Does anyone speak Frisian? Day 12 of confinement

As I was lying in bed this morning in the basement, having been awoken by my son’s impersonation of a herd of elephants doing the complete dance sequence to a Gene Kelly film in the room above (couldn’t quite work out which film), I had a great insight into a sticking point in the development of my novel: I’m writing the wrong one. Quite frankly, I am getting sick of these revelations, and the sooner I stop getting them the better.
I am currently 30,000 words into the novel and, while the characters are good and the story is obviously brilliant, all I have been writing so far has been the surrounding casing into which the central story will go. The central story takes place on an invented island in the Wadden Sea, which is part of Nordfriesland in the German Land of Schleswig-Holstein. It is set in inter-war period and deals with the story of two young islanders who are arrested by the Gestapo and sent to a concentration camp.
I’ve been approaching it from the standpoint of the present day, with characters reaching back into the past to tell the story. It is a common device. But I don’t like it. And as I was lying in bed listening to Babarwacker Jr., I figured out why I didn’t like it. It seems artificial. For a long time I have been considering on making the story a trilogy of loosely connected stories with characters that have some link to each story but are not actively involved in all of them (a bit like Roberston Davies’ The Cornish Trilogy).
He is a much underappreciated writer outside of Canada is Davies (and actually inside Canada too). I think he is one of the finest proponents of Anglophone literature from anywhere in the world, and were I not facing a race against time to get though my bookshelves, I would happily reread all of his canon at least once a year. My worry is that I am going to do this and inter-relate the stories from the beginning and then not be able to either separate them sufficiently or carry it off.
But I spent a good 5 hours chugging out words on the new story and the main character came through quite well, so now I am not sure, not sure at all. It’ll mean a rejig of my schedule and focus, but that may be no bad thing, I mean I might as well be hanged for a sheep as for a lamb. Coming back from Spain when I did threw me completely off in more ways than one, and I lost the sparkle in what I was writing (Jesus, did I actually write “sparkle”? I sound like Barbara Cartland) and that whole story felt rather lumpen and heavy back here. But the new one flowed, as I said, and I had already done a lot of the research, so I might just spend the next couple of days thrashing it out and see if I can get to 6-7,000 words and review.
One of the problems I still have is that the island is placed in an area where the predominant language is Frisian. It’s an interesting language, quite similar to English in some respects when it is spoken, but very different when written. It has place names like Süderoogsand (pronounced “Blackpool”) and Oevenum (pronounced “Barrow-in-Furness”). See how similar it is to English? Of course, that’s not true, and even if I cribbed my way through Theodor Storm’s Der Schimmelreiter, I am still really none the wiser about how names are formed or whether an invented name sounds authentic. So if anyone knows, on the off chance, anyone who speaks Frisian – preferably the dialect spoken on Föhr, but I am at this stage really not picky – can you send them my way? I’ll be eternally grateful and will of course give credit as appropriate.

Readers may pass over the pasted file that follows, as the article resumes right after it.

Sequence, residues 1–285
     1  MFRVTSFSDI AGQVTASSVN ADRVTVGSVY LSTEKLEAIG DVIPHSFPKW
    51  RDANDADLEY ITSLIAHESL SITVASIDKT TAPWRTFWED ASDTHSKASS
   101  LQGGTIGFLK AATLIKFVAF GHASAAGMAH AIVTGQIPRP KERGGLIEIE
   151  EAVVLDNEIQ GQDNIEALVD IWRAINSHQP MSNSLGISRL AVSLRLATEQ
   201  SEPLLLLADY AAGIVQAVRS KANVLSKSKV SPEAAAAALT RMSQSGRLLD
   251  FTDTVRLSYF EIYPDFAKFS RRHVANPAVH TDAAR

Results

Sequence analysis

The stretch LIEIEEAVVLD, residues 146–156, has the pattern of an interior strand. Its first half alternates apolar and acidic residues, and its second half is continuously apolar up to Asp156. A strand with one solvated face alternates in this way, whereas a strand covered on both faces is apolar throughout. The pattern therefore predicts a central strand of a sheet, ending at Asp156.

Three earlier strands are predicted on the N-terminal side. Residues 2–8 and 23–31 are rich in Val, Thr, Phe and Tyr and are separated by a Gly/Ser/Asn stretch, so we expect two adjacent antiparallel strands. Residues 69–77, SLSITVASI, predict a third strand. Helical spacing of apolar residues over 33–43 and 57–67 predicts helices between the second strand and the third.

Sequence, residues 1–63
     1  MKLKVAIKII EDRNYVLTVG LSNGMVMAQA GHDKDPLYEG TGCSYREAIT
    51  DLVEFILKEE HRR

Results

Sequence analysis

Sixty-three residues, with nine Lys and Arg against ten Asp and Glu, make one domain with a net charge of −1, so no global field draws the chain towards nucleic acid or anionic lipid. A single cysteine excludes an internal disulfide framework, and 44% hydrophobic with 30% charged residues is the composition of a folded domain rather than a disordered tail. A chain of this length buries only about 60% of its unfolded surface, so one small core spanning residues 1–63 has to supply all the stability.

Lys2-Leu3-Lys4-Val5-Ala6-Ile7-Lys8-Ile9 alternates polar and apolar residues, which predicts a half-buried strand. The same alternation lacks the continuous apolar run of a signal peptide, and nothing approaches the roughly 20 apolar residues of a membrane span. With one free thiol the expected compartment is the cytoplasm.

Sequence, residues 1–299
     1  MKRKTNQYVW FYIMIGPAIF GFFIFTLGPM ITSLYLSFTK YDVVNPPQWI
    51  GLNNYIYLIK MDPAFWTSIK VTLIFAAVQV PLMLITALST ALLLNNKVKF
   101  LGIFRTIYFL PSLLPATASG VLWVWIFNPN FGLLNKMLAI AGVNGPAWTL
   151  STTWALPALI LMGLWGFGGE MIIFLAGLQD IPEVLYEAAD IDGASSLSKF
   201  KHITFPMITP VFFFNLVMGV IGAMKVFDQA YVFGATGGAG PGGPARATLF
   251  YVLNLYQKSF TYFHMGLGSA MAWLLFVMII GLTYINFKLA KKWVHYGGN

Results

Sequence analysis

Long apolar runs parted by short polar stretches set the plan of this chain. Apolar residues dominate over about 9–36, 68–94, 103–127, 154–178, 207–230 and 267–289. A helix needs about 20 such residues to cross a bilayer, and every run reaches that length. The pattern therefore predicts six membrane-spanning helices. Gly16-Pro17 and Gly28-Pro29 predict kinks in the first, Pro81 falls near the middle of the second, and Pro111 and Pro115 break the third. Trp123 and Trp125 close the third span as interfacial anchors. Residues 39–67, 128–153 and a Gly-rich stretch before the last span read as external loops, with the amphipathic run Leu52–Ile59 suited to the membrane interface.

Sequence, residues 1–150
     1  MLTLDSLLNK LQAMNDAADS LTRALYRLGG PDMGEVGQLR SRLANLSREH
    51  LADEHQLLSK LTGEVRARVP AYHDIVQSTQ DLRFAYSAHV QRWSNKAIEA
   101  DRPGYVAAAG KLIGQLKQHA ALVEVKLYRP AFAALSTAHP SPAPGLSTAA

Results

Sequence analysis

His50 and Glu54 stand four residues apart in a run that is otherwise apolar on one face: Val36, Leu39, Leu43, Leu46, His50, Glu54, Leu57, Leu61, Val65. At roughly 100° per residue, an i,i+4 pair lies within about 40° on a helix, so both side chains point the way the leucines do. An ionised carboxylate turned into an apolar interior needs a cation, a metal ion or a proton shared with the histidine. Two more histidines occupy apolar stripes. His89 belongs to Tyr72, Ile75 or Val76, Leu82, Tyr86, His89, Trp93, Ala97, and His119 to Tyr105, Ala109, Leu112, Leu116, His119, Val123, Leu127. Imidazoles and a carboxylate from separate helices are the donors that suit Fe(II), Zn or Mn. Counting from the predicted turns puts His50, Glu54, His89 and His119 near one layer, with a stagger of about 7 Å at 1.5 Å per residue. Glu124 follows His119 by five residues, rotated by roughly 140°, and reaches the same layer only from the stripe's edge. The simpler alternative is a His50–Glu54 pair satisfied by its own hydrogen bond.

After that morning blitz, I received a bit of good news about the LCBO order: I didn’t need it. Have no fear, I have not turned into a model of temperance and sobriety; I have been shown alternatives to the official route, and have dived on in. I emailed Sylvia the stiletto-heeled dominatrix and told her I no longer needed her services: I had new friends with new things to offer. In particular, a brewery called Vimy who not only took my order but delivered it free of charge within two hours and, to top it all, Dial-a-Bottle.
Dial-a-Bottle take your order for alcoholic beverages, go to the store for you, purchase it and deliver it to your door. They do this for an $8 fee (if you are in their delivery range, obviously). Eight dollars. To my door. That is $3.95 cheaper than the LCBO was charging me to NOT deliver it to my door. How had I never heard of this company before? They will deliver tomorrow between 11 and 1. I immediately reorganized the speed dial list on my phone, replacing two of the emergency numbers with Vimy and Dial-a-Bottle.
After that, I managed to book a couple of hours of Ottawacker Jr.’s busy schedule to read him two chapters of Lord of the Rings. Strider/Aragorn is in it now, so I was able to do my Sean Bean impressions and keep him entertained. Although I might have mixed up Sam Gamgees and Merry at one stage – but I think I got away with it. I made it properly scary too – and at one stage he got up, went to get a blanket and cushions, and put his head under the blanket to listen. When I finished, I closed the book with a flourish, slamming the covers together. He removed his head from under the blanket and said, “you can’t stop there, what about the Black Riders?”
I cackled, and disappeared back into the bowels of the basement. He'll be back tomorrow.

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